Most established retailers will need to reorganize and reorient themselves to operate holistically and work across functions and industry boundaries. It can be difficult to decide where to start, but those organizations that have made the most progress toward customer experience excellence tend to follow similar paths. Milestones along these paths include:

  • Conscious choices to make the customer the center of all activities. This requires clear communication from leadership about the customer priority and the actions required. The CEO, of course, must take the lead, but it’s also incumbent on the CEO’s direct reports to reinforce the message and model the new behaviors that culture change requires. And their direct reports must carry the message into the business’s operations, where culture change is integrated into day-to-day activities and turns from aspiration to reality.

  • Commitment from leadership to build crucial capabilities, especially those relating to agile innovation. 

  • Thorough strategic assessments of store layouts, merchandise mix and brand identity through the lens of the customer experience, with the aim of making each interaction frictionless and increasingly convenient, smoothly bridging the gap between physical and digital channels.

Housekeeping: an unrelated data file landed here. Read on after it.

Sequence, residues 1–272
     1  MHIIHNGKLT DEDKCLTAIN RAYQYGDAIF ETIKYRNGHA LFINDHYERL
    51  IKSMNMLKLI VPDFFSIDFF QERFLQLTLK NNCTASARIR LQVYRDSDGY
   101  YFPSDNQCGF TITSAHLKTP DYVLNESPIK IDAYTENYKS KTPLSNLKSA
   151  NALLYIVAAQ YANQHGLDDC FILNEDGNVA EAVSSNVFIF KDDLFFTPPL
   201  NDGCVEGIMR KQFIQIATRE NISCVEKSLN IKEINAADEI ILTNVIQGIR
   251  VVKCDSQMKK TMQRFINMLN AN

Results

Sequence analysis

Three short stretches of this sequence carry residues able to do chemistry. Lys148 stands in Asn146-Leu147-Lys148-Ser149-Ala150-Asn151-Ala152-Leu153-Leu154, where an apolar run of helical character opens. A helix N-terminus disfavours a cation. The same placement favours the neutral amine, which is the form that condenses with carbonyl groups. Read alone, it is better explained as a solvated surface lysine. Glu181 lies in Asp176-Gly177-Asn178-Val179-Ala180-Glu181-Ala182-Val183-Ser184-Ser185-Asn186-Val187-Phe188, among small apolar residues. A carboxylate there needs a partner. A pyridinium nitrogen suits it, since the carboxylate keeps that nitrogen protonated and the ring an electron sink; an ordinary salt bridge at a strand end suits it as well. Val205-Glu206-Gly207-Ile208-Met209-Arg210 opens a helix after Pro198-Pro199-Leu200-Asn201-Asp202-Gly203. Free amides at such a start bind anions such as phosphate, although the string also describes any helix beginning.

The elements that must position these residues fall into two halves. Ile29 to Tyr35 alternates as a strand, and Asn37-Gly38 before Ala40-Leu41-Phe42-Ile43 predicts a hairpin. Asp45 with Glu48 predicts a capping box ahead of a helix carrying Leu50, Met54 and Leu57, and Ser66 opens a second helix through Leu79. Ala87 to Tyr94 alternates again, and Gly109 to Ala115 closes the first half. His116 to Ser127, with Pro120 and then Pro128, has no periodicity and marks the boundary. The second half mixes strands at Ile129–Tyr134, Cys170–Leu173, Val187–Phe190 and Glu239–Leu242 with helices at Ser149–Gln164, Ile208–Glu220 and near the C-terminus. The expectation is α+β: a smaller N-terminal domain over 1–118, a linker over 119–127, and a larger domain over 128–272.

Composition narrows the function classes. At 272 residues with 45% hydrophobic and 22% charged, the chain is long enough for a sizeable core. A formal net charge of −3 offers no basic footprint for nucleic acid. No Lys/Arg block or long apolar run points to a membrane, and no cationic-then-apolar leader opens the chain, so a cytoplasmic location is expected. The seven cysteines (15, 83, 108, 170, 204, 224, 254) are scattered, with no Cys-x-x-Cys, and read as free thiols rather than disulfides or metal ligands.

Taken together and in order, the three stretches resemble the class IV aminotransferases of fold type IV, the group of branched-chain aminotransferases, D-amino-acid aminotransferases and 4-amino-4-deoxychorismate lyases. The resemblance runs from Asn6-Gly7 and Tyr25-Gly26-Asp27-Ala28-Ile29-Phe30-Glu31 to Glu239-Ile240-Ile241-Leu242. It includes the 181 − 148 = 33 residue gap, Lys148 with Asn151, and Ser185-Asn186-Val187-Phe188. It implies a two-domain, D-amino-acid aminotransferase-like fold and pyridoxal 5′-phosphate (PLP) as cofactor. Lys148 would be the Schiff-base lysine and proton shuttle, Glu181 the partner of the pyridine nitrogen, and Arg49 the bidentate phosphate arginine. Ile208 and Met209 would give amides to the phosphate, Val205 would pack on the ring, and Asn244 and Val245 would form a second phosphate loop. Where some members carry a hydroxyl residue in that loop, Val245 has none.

• Rigorous evaluation of the supply chain to make certain the organization can engage with customers how, when and where they want to shop and deliver offers that suit their preferences.

  • Review and revision of the operating model to confirm that talent, organizational structure, processes, operations and technology are all fit for a new era in retailing. The role of store employees is changing, and as technology relieves workers of administrative burdens and repetitive tasks, retailers will need a plan for redeploying them to higher-value activities, such as offering authoritative, personalized fashion advice, or asking the right questions to make certain the customer finds the audiovisual system best-suited to their home and viewing habits.